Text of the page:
Tag Archives: (SPLM-IO

South Sudanese exiles fear kidnap in Kenya after activist disappears

Reuters

By Katharine Houreld | NAIROBI

NAIROBI A Kenyan court said on Wednesday that the state did not have custody of two South Sudanese activists missing from Nairobi, stoking suspicions among other opposition supporters that they may be detained by Juba’s security agents.

Human rights lawyer Dong Samuel Luak and writer Aggrey Idri Ezibon, both supporters of South Sudan’s opposition, went missing from the Kenyan capital within hours of each other on Jan. 23 and 24.

After they disappeared, their families filed a case in Kenya to stop a possible deportation back to South Sudan after other opposition figures were sent home.

But Kenyan state lawyers said the men were not in Kenyan custody. The judge ruled “the applicants’ disappearance can only be … abduction”.

Oil-rich South Sudan, the world’s youngest nation, plunged into war in 2013, when President Salva Kiir, an ethnic Dinka, fired his deputy Riek Machar, a Nuer.

Machar fled after a shaky peace deal collapsed in July and fighting has increasingly split the country along ethnic lines. Parts of the country are suffering from famine and more than 3 million South Sudanese have fled their homes.

Many opposition figures, including Luak and Ezibon, sought refuge in other East African countries.

But regional powers became less welcoming to Machar’s supporters after the rebellion split and one of Machar’s former colleagues, Taban Deng Gai, joined the government in July, said Casie Copeland, senior analyst for South Sudan at Brussels-based thinktank International Crisis Group.

Since then, Machar’s supporters have faced curbs on their political activities in Kenya, Ethiopia and Sudan, she said.

In November, Kenya deported James Gatdet Dak, Machar’s main spokesman, back to Juba.

A man previously imprisoned at the headquarters of South Sudan’s National Security Services told Reuters he saw Gatdet there. The former inmate, who asked not to be named, said torture was rife and prisoners malnourished.

The South Sudanese government did not return calls seeking comment. It have not confirmed Gatdet is in custody.

A South Sudanese rights activist based in Uganda, Peter Gai Manyuon, told Reuters on Wednesday that a friend in the South Sudanese security services had told him that agents wanted to kidnap him and another activist.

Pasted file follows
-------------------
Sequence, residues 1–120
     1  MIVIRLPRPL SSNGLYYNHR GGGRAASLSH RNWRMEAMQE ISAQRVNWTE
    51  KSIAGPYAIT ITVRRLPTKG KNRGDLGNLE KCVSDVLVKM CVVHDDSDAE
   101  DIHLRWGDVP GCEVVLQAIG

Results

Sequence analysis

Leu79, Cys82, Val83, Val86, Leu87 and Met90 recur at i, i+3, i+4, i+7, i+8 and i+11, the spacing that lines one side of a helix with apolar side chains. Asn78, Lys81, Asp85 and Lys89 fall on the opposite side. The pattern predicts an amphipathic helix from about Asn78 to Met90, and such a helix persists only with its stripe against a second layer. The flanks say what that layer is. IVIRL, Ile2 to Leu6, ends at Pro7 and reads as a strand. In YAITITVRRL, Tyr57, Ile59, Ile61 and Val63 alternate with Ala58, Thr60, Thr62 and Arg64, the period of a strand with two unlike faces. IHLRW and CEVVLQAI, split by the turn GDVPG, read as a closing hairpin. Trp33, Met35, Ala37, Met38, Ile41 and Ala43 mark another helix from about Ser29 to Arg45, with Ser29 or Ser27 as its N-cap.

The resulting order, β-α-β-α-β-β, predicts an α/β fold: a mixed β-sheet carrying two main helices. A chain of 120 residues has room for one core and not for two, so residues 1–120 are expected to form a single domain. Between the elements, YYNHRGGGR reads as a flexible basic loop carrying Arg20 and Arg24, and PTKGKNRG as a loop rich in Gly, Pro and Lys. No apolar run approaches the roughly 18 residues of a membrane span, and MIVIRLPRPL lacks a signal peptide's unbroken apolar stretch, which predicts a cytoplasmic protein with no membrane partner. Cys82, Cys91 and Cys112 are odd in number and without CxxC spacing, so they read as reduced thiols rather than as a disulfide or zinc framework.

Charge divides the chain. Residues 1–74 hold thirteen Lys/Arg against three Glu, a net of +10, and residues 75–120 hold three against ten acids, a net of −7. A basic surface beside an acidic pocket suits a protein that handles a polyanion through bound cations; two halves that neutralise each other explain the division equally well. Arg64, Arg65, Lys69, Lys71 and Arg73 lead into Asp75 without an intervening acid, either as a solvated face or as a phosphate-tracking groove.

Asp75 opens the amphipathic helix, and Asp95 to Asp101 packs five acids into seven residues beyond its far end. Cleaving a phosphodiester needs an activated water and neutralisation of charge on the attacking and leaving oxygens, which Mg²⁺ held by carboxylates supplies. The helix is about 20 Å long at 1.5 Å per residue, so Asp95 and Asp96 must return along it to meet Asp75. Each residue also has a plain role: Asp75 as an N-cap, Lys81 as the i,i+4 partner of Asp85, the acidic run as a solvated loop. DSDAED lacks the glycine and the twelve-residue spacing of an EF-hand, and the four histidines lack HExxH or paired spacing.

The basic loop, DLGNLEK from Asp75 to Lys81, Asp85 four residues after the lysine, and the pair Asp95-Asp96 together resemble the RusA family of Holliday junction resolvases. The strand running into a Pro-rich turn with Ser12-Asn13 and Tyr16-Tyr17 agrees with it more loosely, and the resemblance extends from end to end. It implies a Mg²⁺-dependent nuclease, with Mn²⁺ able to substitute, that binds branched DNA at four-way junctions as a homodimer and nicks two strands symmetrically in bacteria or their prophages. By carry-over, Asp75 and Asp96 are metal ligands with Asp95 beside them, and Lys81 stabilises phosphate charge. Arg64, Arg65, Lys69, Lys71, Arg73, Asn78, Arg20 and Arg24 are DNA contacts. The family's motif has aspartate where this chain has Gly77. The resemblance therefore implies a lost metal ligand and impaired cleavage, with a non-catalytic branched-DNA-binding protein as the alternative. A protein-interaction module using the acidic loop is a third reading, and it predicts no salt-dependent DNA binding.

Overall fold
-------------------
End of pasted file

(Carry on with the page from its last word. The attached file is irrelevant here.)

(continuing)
They blamed Manyuon and Luak for a report detailing the wealth of South Sudanese officials, he said.

Aya Benjamin, Ezibon’s wife, said she feared others may go missing. Three opposition leaders had fled Kenya, she said.

“I’m not safe anywhere except home. I hope peace comes in South Sudan so I can go home,” she said.

Another Nairobi-based opposition activist who asked not to be identified named five prominent opposition figures who left Kenya in recent months.

“Some were called from an anonymous number and warned,” he said. Their circle feared Luak and Ezibon had either been secretly deported to Juba by Kenya or kidnapped by South Sudan, he said.

Kenyan police and foreign office officials did not return calls seeking comment.

(Additional reporting by Humphrey Malalo; Editing by Alison Williams)

South Sudan – mounting calls for investigation of atrocities

Sudan Tribune

(ADDIS ABABA) – The United Nations Human Rights office has called for an independent body to investigate crimes committed during the more than three-year conflict in South Sudan.

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A general view of participants during the 29th Regular Session of the Human Rights Council in Geneva on 3 July 2015 – (UN Photo)

A three-member commission made the call during a three-day workshop on transitional justice in the Ethiopian capital, Addis Ababa.

“An independent mechanism is needed to immediately assist in investigating violations in South Sudan, in advance of the establishment of the hybrid court,” said Yasmin Sooka, chair of the U.N-mandated commission on Human Rights in South Sudan.

The Human Rights Council, she urged, should immediately establish a specialised mechanism to map and document conflict-related sexual violence in South Sudan with a specific emphasis on command and superior responsibility.

“Too many of those who say ‘justice should only come later’ really mean ‘justice should never come at all,” said Sooka.

“It is imperative to immediately start collecting evidence of violations even before the hybrid court is established,” she added.

Commissioner Ken Scott on his part, however, said investigations needed to start now so that the hybrid court has cases to hear.